I like @elithrar's idea of possibly eventually revisiting via some kind of plugin architecture. There are interpreters in Go (e.g. otto does a subset of JS), or dynamically loading user-written Go might be interesting.

I think sticking to Go would be optimal for the user experience and reducing the cognitive load. If everything is in Go, it's that easy. And nothing has to be interpreted. The only barrier is compiling a plugin, but they're already programmers, so we can provide them tools like caddydev and caddyext (which might be combined before the end).

@abiosoft

My proposal would be having a separate directive location to define such complex paths. That way it is more readable and any simple user do not need to bother themselves about it. It will have same if condition capabilities like rewrite currently does.

This is useful, but I see two issues with it. First, is that it's basically an implementation of variables, but the variables can only describe 'locations' or matching requests to directives. Second, is that it is still an implementation of variables, which I'm not overly fond of at this point, for the reasons described above.

@alexandreteles

I actually liked that approach, but I think that we should write it the same way we write the rewrite to maintain the Caddyfile coherence.

This clutters the directives; makes it confusing what belongs to the directive and what is just used for matching paths. Rewrite is an experiment in that regard, and I don't want it to seep into all the directives, especially since the if conditions might not be placed on adjacent lines... just not a good idea, IMO, to mix directive properties ("sub-directives") with path matching as much as we can avoid it.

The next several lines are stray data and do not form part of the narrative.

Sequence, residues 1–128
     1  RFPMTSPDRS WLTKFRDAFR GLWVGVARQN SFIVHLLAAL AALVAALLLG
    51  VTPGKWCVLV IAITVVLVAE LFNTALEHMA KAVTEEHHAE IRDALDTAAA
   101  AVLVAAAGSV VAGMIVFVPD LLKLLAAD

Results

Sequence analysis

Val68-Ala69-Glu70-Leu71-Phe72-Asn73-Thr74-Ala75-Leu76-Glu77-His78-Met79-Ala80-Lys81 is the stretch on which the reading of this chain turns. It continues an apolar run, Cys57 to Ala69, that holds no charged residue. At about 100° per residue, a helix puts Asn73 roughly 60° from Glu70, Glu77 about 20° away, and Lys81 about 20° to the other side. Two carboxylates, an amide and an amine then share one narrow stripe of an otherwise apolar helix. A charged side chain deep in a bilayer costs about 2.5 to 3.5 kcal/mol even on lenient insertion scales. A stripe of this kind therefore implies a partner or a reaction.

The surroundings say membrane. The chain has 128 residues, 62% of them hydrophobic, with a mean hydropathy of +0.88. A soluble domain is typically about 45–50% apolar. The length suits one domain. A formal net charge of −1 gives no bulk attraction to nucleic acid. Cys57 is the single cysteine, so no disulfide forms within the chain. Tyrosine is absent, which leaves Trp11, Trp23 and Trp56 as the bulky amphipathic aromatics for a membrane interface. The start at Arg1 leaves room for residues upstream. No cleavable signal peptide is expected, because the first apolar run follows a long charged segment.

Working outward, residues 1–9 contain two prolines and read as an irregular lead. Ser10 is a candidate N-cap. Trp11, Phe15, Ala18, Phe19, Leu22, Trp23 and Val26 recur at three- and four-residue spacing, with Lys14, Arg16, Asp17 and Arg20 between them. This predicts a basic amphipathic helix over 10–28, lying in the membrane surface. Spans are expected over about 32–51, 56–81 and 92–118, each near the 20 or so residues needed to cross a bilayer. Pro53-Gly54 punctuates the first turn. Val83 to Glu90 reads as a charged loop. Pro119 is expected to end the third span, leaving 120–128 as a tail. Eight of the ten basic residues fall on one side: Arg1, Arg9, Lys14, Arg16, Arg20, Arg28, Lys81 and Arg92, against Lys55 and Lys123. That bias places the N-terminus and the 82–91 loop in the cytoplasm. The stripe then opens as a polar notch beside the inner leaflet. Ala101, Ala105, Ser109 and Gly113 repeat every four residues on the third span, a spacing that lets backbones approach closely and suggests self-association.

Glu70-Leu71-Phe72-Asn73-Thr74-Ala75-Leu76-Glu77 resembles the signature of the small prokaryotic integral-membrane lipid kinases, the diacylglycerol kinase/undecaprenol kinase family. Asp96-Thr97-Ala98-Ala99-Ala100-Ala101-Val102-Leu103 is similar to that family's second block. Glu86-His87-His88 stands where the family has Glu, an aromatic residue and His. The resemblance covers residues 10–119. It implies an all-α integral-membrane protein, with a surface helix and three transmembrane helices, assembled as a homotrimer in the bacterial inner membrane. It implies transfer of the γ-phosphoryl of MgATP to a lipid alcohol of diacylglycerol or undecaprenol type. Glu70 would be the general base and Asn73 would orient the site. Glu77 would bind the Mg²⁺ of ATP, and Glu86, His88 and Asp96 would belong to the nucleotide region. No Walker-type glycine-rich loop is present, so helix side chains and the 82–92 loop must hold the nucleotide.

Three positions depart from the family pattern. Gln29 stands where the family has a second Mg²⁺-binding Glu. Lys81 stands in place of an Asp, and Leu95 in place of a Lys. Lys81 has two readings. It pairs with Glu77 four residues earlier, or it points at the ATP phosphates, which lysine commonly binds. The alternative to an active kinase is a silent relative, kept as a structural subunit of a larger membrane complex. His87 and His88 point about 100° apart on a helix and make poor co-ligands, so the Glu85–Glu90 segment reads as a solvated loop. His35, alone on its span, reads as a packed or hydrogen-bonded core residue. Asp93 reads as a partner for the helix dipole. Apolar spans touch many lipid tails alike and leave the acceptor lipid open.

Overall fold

I'm in for wildcard matching even if LE never support it. The documentation should state, of course, that for wildcard matching the user should bring their own certificates. That way, we can cover the case where users actually want to use Caddy for all their sites and already have a wildcard certificate for what they need or can afford buying it for their projects, but keep using LE certs for other sites.

Yeah, I'm leaning toward this, since Caddy (on master) can issue certificates on-demand during TLS handshakes (assuming I can ease the worries of Let's Encrypt) for those "wildcard" cases. So technically this is not a problem, but just might be a slight inconvenience for the user to have to make that distinction.

In addition, the caddy documentation states that environment variables are only allowed in addresses and arguments and that placeholders only work on directives that support them, so, it can't actually take the place of variables.